While it’s tempting to think that math is a discipline free from mistakes, the reality is quite different. Published proofs have been found and, worryingly, modern proofs are sometimes so long and complicated that it’s difficult for mathematicians to . (A proof, in mathematics, is a step-by-step logical argument that asserts some conclusion about a mathematical statement.)
In a published in the journal The Mathematics Intelligencer, Cambridge mathematician Anthony Bordg compared this situation to the . According to his analogy, attempts to check the correctness of a proof are like attempts to replicate a scientific experiment. If everything is correct, the proof has been replicated. But if an error is found or if mathematicians cannot determine whether the proof is correct for some other reason, then the attempt to replicate the proof has failed.
But too many proofs cannot be replicated. So, what can we do to fix this?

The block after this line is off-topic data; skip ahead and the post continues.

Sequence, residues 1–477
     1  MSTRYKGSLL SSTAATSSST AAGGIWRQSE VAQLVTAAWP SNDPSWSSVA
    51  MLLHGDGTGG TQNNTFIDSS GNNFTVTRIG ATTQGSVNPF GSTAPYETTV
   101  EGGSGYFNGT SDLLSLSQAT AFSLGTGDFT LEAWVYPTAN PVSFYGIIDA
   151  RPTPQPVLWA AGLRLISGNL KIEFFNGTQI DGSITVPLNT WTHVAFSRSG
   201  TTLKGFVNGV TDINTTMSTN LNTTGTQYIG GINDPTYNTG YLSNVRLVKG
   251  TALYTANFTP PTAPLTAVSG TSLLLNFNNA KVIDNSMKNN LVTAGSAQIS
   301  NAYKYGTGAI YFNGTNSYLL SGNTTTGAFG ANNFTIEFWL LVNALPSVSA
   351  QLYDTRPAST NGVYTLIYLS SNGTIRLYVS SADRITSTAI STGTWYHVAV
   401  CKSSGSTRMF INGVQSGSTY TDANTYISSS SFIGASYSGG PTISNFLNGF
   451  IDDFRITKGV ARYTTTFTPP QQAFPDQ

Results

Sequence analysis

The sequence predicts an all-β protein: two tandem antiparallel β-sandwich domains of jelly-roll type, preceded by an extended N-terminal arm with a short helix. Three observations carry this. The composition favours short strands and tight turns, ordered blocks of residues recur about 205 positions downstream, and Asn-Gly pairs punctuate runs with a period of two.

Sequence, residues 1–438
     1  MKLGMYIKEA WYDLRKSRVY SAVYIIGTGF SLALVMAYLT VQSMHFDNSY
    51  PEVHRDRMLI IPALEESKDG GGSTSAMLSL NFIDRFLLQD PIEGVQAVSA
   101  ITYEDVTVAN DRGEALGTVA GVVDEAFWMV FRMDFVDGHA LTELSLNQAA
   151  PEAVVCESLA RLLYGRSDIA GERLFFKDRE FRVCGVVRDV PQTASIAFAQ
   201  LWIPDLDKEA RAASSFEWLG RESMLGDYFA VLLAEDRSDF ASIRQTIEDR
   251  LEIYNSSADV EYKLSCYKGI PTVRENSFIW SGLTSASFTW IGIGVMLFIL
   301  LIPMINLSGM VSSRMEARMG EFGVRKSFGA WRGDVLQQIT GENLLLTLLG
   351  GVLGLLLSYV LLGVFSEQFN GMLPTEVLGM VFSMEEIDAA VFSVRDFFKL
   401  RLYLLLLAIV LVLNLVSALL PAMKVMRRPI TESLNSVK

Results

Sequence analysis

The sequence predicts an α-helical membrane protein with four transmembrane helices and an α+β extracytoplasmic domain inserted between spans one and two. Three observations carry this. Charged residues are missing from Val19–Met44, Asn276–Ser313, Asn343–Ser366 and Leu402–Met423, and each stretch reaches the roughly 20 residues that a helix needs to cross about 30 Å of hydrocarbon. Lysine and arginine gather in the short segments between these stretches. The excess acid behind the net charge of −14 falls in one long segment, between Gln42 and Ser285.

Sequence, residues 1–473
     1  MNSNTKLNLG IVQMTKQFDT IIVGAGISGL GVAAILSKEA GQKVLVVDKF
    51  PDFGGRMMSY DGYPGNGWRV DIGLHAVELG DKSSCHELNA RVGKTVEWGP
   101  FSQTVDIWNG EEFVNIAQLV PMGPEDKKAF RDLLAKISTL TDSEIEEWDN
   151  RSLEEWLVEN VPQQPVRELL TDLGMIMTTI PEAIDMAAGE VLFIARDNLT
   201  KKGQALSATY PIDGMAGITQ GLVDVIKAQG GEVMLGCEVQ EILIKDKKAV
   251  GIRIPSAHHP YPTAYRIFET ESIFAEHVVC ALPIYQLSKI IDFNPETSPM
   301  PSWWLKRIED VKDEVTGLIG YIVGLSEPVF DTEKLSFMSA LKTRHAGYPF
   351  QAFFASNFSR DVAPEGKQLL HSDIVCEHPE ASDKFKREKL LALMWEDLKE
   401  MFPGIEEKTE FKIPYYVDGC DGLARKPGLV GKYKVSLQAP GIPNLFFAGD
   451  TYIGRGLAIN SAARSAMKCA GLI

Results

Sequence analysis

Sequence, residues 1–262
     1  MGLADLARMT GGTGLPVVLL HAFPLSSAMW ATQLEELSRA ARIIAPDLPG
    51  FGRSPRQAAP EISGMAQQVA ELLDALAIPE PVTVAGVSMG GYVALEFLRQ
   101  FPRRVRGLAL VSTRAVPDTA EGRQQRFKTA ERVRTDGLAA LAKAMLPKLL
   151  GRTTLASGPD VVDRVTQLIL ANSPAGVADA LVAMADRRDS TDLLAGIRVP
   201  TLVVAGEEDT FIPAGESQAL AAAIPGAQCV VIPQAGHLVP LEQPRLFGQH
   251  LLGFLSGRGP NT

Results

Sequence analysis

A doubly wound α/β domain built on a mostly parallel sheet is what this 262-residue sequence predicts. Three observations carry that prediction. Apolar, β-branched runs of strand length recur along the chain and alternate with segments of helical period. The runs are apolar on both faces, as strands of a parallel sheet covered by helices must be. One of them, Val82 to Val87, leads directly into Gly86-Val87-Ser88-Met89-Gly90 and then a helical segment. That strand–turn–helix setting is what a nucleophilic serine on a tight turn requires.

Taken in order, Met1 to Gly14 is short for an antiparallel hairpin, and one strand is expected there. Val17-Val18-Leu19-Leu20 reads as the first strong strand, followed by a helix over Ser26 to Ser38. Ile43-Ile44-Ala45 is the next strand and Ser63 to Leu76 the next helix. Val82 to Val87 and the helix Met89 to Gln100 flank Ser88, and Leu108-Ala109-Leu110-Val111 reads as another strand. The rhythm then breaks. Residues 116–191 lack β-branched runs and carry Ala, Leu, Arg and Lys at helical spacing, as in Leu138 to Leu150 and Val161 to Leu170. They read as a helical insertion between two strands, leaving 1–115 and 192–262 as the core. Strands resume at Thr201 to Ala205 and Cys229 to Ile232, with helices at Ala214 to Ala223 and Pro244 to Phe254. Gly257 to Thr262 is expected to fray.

One potential solution is to use computers during the peer review process. Software called can check if a proof is correct, once the proof has been translated into a language the software understands. While human reviewers do , a proof assistant And if it finds anything amiss, it will complain. A proof assistant's blessing therefore counts as a successful replication of the proof “.”
But mathematicians have not yet welcomed proof assistants with open arms. One problem is that they are not exactly user friendly, and Bordg that there is plenty of room for improvement. With further development, proof assistants will hopefully become more widely used in the near future.